In this 2020 production by the American Chemical Society, PBS, and YouTube, learn about red tides and bioluminescence. Complex concepts about light, photosynthesis, toxins, and bioluminescence are explained in a simple manner. “Maybe you already knew that deadly algal tides discolor ocean waves, deplete the water of oxygen, and release toxins that can kill a huge range of ocean critters, … Read More
April 29, 2020: We are experiencing a red tide, a massive bloom of the dinoflagellate Lingulodinium polyedra, which is a common member of the local plankton community. Sometimes it gets so abundant that it discolors the water reddish/brown, hence the name red tide. And this is big one, stretching from Baja California to Los Angeles. It was first detected at a … Read More
In this article, published in the November 2019 issue of Limnology and Oceanography Bulletin, Dr. Latz recounts the making of Infinity Cube, a bioluminescence art exhibit that was displayed at the Birch Aquarium of Scripps Institution of Oceanography during 2017-2018. In collaboration with London-based artist Iyvone Khoo, Infinity Cube consisted of a dark ‘sensorial space’ of video projection and sound within a … Read More
The dinoflagellate Noctiluca scintillans was described as ‘animalcules’ in the 1750’s using early microscopes and is now known as a major source of bioluminescence in the world’s oceans. But reports going back to the 1960’s describe non-bioluminescent Noctiluca along the west coast of the USA. In this study, published in the November 2019 issue of Limnology and Oceanography, an international … Read More
The article “Bioluminescent Bays Shine Light on Puerto Rico’s Resilience” published on Nova Next, the digital publication of NOVA, the PBS science documentary series, features the bioluminescent bays of Puerto Rico, and discusses the impact of Hurricane Maria, which slammed into Puerto Rico in September 2017 as a Category 4 hurricane.
An article published in the online Signal to Noise Magazine titled “Putting the Spotlight on Artists Who Glow” focuses on the art and science of bioluminescence. One of the features is the installation Infinity Cube, a collaboration between artist Iyvone Khoo and marine biologist Dr. Michael Latz, that was on display at the Birch Aquarium at Scripps during 2017-2018.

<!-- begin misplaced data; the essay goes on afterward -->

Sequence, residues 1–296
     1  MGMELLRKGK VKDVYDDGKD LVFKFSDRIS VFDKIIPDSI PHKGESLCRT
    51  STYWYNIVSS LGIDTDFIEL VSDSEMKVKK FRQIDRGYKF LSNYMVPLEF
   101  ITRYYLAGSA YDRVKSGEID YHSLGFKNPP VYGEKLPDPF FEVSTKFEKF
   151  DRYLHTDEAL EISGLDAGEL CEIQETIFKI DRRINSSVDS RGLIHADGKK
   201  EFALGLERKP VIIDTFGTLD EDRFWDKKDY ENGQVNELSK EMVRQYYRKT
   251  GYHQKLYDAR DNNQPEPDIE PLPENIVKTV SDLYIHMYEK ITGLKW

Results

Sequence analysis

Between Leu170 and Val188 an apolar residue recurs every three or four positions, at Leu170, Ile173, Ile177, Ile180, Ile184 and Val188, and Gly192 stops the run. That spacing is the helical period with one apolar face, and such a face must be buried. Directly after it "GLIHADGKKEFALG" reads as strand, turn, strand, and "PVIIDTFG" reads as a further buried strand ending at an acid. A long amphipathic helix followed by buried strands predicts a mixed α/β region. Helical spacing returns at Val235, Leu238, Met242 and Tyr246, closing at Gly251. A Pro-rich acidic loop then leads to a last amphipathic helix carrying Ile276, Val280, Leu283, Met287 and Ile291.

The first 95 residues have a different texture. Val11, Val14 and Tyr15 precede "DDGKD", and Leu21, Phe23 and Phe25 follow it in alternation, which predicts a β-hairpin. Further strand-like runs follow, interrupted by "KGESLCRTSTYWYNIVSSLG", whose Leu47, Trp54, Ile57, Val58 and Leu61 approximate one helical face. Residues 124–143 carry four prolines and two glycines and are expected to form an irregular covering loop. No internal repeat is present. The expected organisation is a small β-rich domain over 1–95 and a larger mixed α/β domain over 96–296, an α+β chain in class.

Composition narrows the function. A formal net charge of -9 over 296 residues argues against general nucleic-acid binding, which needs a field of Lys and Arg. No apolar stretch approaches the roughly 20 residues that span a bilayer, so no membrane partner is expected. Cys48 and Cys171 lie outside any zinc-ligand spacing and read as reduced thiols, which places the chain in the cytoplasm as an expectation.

Jim Rohr had a 30 year career with the Department of Defense at Spawar Systems Center (SSC) Pacific in San Diego, first as a research physicist studying fluid mechanics, underwater acoustics, and marine biology. He obtained a Ph.D. in Engineering Physics at the University of California San Diego (UCSD). He served for several years as a research associate at Scripps … Read More
The U.S. Postal Service has issued stamps related to bioluminescence. From their web site: Bioluminescence – the ability of some living things to generate their own light – occurs on many branches of the tree of life. With this sheet of 20 stamps, the U.S. Postal Service showcases 10 examples of Bioluminescent Life. The stamps feature: deep-ocean octopus, midwater jellyfish, … Read More
A 1989 paper by John Dodge rocked the dinoflagellate community. The much loved and studied dinoflagellate Gonyaulax polyedra, known for its spectacular bioluminescent displays and red tides in southern California and elsewhere, was renamed based on new insights into its morphology and to align the name with that of its spiny cyst, then known as Lingulodinium machaerophorum. So the motile … Read More
On September 20, Hurricane Maria slammed into the VIrgin Islands as a category 5 hurricane and pounded Puerto Rico as a category 4. With torrential rain and wind gusts up to 200 miles per hour, it caused widespread devastation including loss of electricity and cell service for the entire territory. The hurricane also impacted four bioluminescent bays. Unlike our local bioluminescent … Read More